Intergranular embrittlement phenomena such as hydrogen embrittlement are undesirable in the intended alloys. Embrittlement of ultrahigh-strength steels is associated with the prior segregation to the grain boundary of impurities such as P and S. A thermodynamic treatment of this phenomenon by Rice and Wang illustrates that the potency of a segregating solute in reducing the work required for brittle fracture along a boundary is linearly related to the difference in the segregation energy for the solute at the boundary and at the free surface. Specifically, a solute with a higher segregation energy at the free surface will be an embrittler while a solute with a higher segregation energy at the grain boundary will enhance intergranular cohesion. A survey of reported segregation energies and embrittling potency (reported as the shift in the ductile-to-brittle transition temperature per atomic percent solute on the grain boundary) in Fe-base alloys demonstrates these general trends; however, the experimental difficulty of surface thermodynamic measurements gives ambiguous values for some solutes.

First principle calculations were used to determine the total energy of atomic cells representing the Fe Σ3 [110]( 111) grain boundary and (111) free surface with a monolayer of an impurity solute present. The calculations were accomplished with the full-potential linearized plane wave (FLAPW) total energy technique. The atomic structure in each case was relaxed to find the minimum energy state. The results of these calculations include not only the segregation energies responsible for the embrittling or cohesion enhancing effects of segregating solutes, but the underlying electronic structure of the solutes in the boundary and surface environments. A comparison of the directional covalent electronic structure between B, a strong cohesion enhancer, and P, a strong embrittler, indicates the strong bonding of the B atom across the boundary plane associated with hybridization of the B 2p electrons with the Fe d band. This directional bonding is not seen in the case of the P atom which does not significantly hybridize with Fe.

The results of the first principle calculations were correlated to the experimental embrittling potency in FIG. 3. The difference between grain boundary and free surface segregation energies, calculated by electronic structure calculations, and the experimentally observed shift in the ductile-to-brittle-transition-temperature are plotted for C, B, P and S solutes. The C and B are shown as cohesion enhancers, P and S as embrittlers. The computed energy differences are in excellent agreement with the observed effects on interfacial cohesion.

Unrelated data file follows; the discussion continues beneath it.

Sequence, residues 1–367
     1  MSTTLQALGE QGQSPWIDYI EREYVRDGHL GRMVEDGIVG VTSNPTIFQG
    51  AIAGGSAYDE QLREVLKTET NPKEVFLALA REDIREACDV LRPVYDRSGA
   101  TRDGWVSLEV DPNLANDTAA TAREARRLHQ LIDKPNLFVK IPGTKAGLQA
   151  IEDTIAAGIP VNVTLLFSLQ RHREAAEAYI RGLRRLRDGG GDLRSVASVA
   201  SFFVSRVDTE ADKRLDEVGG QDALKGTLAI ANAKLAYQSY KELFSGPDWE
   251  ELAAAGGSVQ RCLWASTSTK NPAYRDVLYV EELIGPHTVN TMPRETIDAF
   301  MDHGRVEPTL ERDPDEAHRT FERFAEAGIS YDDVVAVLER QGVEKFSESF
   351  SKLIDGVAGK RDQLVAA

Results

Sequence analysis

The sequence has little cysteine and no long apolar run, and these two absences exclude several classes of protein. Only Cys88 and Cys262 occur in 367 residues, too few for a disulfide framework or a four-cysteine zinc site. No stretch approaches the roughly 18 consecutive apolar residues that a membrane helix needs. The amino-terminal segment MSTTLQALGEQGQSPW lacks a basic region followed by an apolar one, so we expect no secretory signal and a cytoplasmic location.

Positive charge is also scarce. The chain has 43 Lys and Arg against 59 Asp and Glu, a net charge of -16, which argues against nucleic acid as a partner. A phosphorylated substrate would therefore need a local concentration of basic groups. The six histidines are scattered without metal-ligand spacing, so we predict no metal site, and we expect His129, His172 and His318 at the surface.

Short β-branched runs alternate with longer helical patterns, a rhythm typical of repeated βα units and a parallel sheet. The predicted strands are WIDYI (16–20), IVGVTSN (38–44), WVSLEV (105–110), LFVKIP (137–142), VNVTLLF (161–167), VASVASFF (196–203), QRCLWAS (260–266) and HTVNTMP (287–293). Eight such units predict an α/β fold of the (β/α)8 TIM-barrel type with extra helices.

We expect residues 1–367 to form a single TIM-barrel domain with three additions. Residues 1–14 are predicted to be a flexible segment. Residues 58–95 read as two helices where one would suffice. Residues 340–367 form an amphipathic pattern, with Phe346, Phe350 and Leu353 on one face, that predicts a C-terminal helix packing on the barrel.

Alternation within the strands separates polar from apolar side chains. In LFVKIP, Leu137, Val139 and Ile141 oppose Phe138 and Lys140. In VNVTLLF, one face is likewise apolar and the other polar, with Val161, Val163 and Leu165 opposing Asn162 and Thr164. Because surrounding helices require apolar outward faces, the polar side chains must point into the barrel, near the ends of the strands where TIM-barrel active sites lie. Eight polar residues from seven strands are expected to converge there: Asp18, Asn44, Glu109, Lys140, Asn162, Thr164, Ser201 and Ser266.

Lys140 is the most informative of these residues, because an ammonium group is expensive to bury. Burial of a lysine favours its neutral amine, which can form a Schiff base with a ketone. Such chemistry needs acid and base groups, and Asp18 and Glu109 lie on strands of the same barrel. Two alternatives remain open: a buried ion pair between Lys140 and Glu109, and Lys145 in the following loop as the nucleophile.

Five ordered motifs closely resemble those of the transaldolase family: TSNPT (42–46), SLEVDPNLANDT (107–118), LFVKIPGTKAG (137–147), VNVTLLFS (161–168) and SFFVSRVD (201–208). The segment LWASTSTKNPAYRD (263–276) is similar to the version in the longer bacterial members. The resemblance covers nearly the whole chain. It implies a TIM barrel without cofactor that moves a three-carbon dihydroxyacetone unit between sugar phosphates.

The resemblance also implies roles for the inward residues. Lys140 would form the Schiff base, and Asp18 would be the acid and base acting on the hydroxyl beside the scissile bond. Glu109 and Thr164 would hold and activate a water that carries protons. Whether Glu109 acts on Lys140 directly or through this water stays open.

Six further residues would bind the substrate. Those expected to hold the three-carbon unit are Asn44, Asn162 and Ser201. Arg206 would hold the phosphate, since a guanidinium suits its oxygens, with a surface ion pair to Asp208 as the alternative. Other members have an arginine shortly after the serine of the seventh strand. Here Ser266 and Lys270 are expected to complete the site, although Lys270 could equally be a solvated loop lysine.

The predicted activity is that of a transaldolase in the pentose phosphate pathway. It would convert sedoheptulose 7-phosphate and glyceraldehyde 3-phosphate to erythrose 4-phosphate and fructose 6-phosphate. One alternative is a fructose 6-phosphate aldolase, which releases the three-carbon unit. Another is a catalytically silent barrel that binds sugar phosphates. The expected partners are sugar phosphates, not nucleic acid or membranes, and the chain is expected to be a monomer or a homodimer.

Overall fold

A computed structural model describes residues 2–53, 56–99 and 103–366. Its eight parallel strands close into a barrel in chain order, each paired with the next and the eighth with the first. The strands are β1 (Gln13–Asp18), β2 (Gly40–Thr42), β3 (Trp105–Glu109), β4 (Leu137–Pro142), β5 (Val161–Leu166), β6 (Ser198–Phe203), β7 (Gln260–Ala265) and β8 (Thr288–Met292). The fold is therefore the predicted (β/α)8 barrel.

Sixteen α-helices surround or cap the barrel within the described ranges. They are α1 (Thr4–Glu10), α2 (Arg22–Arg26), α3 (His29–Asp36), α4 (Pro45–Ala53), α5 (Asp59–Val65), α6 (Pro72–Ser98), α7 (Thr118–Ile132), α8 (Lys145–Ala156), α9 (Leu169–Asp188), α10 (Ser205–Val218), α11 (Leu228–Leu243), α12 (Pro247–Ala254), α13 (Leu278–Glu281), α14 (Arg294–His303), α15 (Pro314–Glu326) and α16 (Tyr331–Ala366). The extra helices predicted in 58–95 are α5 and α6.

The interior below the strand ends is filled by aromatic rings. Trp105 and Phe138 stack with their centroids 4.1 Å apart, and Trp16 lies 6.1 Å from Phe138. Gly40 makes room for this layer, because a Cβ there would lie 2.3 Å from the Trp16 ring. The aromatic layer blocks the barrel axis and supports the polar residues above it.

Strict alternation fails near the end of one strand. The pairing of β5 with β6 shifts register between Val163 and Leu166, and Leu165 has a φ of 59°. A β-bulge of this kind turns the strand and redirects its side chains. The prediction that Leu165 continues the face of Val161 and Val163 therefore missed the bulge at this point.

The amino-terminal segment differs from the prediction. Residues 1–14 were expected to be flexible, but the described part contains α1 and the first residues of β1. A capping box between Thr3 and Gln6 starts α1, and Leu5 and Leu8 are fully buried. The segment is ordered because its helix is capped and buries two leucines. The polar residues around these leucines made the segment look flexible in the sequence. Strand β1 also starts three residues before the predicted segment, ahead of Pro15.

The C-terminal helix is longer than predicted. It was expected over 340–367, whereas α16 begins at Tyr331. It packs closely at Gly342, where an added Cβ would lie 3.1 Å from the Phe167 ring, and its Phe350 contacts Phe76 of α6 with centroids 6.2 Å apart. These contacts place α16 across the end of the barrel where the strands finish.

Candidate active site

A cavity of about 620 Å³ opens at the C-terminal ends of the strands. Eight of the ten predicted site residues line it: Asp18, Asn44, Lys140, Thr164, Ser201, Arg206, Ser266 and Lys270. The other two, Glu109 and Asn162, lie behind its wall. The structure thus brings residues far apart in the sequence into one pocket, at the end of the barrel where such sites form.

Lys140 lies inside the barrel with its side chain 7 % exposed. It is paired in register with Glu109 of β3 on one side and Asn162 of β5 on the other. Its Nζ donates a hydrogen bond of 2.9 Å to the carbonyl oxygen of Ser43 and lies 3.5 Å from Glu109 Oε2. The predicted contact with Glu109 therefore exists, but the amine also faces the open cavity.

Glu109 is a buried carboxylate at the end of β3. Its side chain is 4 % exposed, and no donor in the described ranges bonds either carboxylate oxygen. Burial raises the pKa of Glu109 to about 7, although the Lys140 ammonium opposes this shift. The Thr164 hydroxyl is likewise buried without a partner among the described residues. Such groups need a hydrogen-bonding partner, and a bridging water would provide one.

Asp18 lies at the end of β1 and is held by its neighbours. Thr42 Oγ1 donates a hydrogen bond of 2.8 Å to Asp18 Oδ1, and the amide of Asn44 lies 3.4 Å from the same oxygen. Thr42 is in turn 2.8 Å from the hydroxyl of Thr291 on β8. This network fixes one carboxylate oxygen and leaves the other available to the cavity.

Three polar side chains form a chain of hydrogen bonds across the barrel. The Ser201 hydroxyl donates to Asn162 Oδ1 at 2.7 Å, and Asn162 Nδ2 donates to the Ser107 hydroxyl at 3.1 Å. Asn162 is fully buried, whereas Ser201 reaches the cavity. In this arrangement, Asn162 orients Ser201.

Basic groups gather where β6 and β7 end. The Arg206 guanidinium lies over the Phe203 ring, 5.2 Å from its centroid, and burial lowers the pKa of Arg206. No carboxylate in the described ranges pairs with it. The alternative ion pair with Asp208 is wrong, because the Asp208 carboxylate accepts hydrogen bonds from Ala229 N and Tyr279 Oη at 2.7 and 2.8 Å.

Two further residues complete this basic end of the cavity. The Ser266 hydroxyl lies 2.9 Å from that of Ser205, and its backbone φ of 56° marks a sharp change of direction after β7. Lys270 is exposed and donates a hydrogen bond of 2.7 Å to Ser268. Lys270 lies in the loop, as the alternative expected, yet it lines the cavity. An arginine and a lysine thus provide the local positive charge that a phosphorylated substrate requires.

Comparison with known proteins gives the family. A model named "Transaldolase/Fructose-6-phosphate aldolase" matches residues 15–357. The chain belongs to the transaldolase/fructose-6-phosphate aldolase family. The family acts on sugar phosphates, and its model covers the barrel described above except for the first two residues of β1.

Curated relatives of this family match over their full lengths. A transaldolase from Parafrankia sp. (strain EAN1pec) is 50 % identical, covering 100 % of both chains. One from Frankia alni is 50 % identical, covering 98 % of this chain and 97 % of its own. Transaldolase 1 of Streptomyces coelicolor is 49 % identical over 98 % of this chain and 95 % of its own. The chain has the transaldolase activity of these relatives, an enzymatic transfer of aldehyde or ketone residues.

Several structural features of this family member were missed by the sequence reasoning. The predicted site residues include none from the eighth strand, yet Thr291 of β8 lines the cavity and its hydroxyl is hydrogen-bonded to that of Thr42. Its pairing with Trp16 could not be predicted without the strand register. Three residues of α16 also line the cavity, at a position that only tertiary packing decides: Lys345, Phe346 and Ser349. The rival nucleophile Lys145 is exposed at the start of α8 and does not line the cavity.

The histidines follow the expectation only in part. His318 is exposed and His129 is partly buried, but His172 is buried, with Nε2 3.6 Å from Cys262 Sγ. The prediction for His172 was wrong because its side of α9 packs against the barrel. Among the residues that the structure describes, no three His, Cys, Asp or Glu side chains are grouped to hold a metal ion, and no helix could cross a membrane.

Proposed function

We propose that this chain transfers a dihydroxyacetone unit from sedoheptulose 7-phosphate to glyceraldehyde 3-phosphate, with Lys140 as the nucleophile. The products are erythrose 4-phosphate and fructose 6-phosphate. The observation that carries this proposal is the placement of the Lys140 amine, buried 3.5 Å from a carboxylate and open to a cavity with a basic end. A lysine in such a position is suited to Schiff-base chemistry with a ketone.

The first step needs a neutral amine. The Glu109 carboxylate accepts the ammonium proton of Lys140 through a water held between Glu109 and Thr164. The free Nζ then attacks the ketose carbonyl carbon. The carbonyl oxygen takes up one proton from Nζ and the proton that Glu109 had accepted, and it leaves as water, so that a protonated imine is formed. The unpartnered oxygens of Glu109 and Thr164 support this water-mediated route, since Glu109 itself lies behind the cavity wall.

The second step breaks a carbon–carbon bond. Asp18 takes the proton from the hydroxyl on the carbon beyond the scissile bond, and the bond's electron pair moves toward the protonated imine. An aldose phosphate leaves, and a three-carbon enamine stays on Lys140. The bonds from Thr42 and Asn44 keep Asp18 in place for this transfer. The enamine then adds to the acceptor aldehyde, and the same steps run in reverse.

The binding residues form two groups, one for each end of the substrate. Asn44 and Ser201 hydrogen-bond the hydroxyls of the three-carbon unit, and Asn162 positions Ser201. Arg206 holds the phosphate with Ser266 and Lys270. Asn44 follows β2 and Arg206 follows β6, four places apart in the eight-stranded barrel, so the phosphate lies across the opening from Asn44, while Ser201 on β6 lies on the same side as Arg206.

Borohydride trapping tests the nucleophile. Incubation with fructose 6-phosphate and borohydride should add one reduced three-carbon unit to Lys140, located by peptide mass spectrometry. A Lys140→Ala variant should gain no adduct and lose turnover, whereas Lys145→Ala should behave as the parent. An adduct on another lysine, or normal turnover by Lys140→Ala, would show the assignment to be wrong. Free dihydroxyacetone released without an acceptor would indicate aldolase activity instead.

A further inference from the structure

Design considerations for high performance gears in aerospace, automotive, and other applications include the desire to transmit more power in less space and with less gear weight. Current high performance gear steels are typically stage I quench and tempered martensites, case hardened through carburizing to 60 Rc on the surface with a core hardness of typically 35 Rc as gear teeth are typically subjected to bending and contact stresses. Failure modes in gears are generally grouped into three categories, tooth breakage, surface pitting, and subsurface spalling. High surface hardness is used to limit the tooth breakage due to bending fatigue as well as pitting failures. If the contact fatigue strength drops below the applied stress at any point below the surface, subsurface spalling can result. Typically a 1 mm case depth is required to provide adequate fatigue strength to avoid subsurface spalling.

Stage IV tempered secondary hardening steels offer numerous advantages over conventional gear steels. The efficient strengthening and superior toughness achieved in secondary hardening steels allows greater core and case hardness to be attained reducing the size and weight of gears needed to transmit a given power. The greater temperature resistance of secondary hardening steels allows operation at higher temperatures and longer times before performance degrades through mechanisms such as scoring. In addition, recent results on commercial secondary hardening alloys indicate casting of these steels may be possible.